Very interesting topic. But LANGUAGE and idiomatic expressions are part of language and we must try to understand the context when certain phrases are used in one language to express a certain idea but in direct translation makes no sense or gives the wrong impression
FOR INSTANCE: I've I said "I burned rubber all the way to the store to get back in time for my TV program" you'd understand the that "burned rubber" was a way of me staying I sped down to the store. But when translating that, it might no sense to someone not understanding the context!!
The same goes for Biblical idiomatic expressions. One fun one that is often misunderstood x 2 is the use of the world "camel". In one place the Bible says that it's "harder for a rich man to get into the kingdom than a CAMEL to get through the eye of a needle." Some think this is a reference to a literal camel, but in fact, a "camel" was an idiomatic reference to a knot in the thread that gets bunched up behind the needle hole and it resembles a camel who has a skinny neck but then a bit body. So they euphemistically referred to it as a "camel". So what Jesus was saying was it's harder for a rich man to get into heaven than to get a knot in the thread through the eye of a needle.
Another use of "camel" is in reference to what we call a "horsefly". In the Middle east they called them camelflies or simple "camels". Thus when Jesus was talking about the Pharisees straining out the gnat but gulping down the camel, he was not talking about a literal camel that would find its way into their drink somehow and they would swallow a dromedary in their drink, but contrasting the very large hoursefly/camelfly with the tiny gnat. So he was basically saying they went to the trouble of straining out the tiniest little gnat which often flew into the drink, but gulped down the huge camelfly, showing their hypocrisy, only the local term for it was simple "camel" because it was in common language.
The same happens in our culture since if I told you "I smoke Camels" you would not imagine I was talking about the animal but a brand of cigarettes. But is translated into another language it might be confusing.
So local colloquialism, euphemisms and idiomatic expressions have to be taken into CONTEXT when in reference, which is the case of "heaven and earth." Obviously Jesus is not literally talking about the heaven and earth. But what was it?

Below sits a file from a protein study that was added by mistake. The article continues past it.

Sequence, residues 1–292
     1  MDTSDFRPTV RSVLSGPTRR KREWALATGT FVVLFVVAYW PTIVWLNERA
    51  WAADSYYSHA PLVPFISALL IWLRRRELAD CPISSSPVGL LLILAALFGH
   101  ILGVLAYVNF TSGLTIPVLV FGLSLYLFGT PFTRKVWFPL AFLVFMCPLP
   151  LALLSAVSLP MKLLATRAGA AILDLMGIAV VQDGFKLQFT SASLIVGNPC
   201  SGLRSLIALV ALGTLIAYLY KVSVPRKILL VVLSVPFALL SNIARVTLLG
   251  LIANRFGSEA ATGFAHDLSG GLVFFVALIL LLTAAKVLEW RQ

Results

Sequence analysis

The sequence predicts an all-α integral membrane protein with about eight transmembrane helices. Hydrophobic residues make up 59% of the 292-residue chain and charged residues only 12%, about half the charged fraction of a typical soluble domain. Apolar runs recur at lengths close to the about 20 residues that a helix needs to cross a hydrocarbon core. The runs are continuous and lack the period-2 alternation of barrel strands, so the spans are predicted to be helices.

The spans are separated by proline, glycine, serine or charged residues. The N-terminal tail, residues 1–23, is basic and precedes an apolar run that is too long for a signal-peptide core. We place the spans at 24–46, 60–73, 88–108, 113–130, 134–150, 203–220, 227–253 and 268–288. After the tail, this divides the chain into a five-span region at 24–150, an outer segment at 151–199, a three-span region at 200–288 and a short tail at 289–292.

"HEAVEN AND EARTH" was the equivalent to "SYSTEM OF THINGS". That is what "heaven and earth" is in reference to. That's because when you look up into the heavens and see the order of things and the earth being part of that "order of things" they used that to express a reference to a certain consistent cirumstance, an "age" a "world" a "system of things." So when Jesus said "Heaven and earth would pass away" before a single word of scripture would not be fulfilled he was merely saying in another way that the "system of things would end" for sure and God's word would remain true.
So when you see heaven and earth references to something passing away, it's a reference to a certain "age" or order of things that would end.
Thus in Revelation 20 we have two references to heaven and earth passing away or fleeing near the end of a specific order of things or system of things or an "age" that ends. The first reference to heaven fleeing is right after Satan is destroyed. That ends an "era" of Satan-dominated existence for the earth. So that era of Satan and his rebellion is over and so it is said that "heaven fled away". But that introduces a new "age" or system of things of JUDGMENT DAY where the dead would be judged. But then again, after all the judgment is over, then another new age or system of things would begin and thus at Revelation 21 we find a reference to a "new heaven and a new earth" coming about whereas the former "heaven and earth" had passed away. Only in this case, it was a reference to the previous "age" of Judgment Day where Death existed.
So "heaven and earth" is just the colloquial way of referring to an "age" or a "system of things" and not literally the heavens and earth.
So, whenever reading something in another language and/or especially from another culture, if something doesn't quite make sense, you have to do the extra homework and add a little judgment and insight to try to understand what is MEANT in comparison to a direct translation, and when that is done you get harmony in scriptures.
It's all the fun and frantic of translations!!!
Hope this was a help.